To the contrary, the memo expressly makes clear that presidential assassinations may be permitted even when none of those circumstances prevail: “This paper does not attempt to determine the minimum requirements necessary to render such an operation lawful.” Instead, as the last line of the memo states: “it concludes only that the stated conditions would be sufficient to make lawful a lethal operation” – not that such conditions are necessary to find these assassinations legal. The memo explicitly leaves open the possibility that presidential assassinations of US citizens may be permissible even when the target is not a senior al-Qaida leader posing an imminent threat and/or when capture is feasible.

Critically, the rationale of the memo – that the US is engaged in a global war against al-Qaida and “associated forces” – can be easily used to justify presidential assassinations of US citizens in circumstances far beyond the ones described in this memo. If you believe the president has the power to execute US citizens based on the accusation that the citizen has joined al-Qaida, what possible limiting principle can you cite as to why that shouldn’t apply to a low-level al-Qaida member, including ones found in places where capture may be feasible (including US soil)? The purported limitations on this power set forth in this memo, aside from being incredibly vague, can be easily discarded once the central theory of presidential power is embraced.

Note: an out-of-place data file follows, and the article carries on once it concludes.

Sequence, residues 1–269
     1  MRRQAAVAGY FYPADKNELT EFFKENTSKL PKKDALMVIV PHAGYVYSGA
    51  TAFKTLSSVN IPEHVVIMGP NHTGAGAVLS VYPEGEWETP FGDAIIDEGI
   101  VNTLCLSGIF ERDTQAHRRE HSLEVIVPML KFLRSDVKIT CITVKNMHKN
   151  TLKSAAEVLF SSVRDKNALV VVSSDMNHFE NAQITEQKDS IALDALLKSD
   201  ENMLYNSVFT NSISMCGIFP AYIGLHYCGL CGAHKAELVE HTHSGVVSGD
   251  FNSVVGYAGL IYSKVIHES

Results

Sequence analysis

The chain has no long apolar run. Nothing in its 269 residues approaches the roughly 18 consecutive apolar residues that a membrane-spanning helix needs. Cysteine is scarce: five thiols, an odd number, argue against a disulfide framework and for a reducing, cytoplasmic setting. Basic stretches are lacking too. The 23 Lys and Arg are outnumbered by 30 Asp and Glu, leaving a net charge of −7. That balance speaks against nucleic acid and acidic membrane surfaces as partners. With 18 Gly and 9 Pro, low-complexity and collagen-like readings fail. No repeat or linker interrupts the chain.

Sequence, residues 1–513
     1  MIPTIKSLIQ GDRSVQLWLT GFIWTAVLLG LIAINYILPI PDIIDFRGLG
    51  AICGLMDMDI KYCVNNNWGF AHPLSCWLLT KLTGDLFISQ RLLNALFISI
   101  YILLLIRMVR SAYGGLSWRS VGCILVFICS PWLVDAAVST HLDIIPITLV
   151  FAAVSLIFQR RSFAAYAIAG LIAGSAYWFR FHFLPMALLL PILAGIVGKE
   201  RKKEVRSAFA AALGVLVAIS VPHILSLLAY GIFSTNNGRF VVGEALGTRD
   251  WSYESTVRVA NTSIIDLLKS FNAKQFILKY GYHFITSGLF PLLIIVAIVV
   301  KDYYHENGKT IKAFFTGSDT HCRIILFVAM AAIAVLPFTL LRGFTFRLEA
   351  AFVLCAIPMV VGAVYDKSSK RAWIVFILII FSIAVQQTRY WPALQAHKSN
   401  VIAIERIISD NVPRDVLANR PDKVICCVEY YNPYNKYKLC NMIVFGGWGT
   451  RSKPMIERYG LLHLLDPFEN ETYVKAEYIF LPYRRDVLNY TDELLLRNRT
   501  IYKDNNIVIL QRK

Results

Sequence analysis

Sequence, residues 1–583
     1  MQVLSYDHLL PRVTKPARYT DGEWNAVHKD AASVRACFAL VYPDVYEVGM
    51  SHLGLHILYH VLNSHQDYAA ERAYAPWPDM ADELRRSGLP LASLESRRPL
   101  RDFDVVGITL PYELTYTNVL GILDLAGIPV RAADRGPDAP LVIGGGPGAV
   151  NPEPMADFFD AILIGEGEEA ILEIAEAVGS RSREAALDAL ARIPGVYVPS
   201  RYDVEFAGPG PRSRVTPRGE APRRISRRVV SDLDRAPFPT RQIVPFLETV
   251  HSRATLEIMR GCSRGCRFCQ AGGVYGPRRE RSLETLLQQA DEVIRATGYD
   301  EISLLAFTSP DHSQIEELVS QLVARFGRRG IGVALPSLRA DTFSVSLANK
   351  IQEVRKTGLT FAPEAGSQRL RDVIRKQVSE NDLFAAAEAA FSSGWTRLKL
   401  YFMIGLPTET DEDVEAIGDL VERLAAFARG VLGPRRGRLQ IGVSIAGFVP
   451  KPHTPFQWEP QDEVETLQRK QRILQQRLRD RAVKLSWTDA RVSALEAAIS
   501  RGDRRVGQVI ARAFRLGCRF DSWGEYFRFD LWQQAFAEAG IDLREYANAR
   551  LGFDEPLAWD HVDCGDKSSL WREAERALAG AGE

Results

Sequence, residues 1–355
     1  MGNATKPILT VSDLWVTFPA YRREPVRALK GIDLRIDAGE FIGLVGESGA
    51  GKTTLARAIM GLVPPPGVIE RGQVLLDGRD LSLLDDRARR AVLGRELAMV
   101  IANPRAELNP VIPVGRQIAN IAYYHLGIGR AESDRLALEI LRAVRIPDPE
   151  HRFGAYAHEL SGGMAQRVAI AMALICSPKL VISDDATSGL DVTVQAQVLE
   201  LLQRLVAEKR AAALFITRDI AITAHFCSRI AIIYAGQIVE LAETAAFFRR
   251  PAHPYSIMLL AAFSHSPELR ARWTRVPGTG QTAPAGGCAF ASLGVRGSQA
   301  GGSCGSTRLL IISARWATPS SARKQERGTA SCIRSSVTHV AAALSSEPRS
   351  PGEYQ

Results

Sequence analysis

3. Relies on the core Bush/Cheney theory of a global battlefield

The primary theory embraced by the Bush administration to justify its War on Terror policies was that the “battlefield” is no longer confined to identifiable geographical areas, but instead, the entire globe is now one big, unlimited “battlefield”. That theory is both radical and dangerous because a president’s powers are basically omnipotent on a “battlefield”. There, state power is shielded from law, from courts, from constitutional guarantees, from all forms of accountability: anyone on a battlefield can be killed or imprisoned without charges. Thus, to posit the world as a battlefield is, by definition, to create an imperial, omnipotent presidency. That is the radical theory that unleashed all the rest of the controversial and lawless Bush/Cheney policies.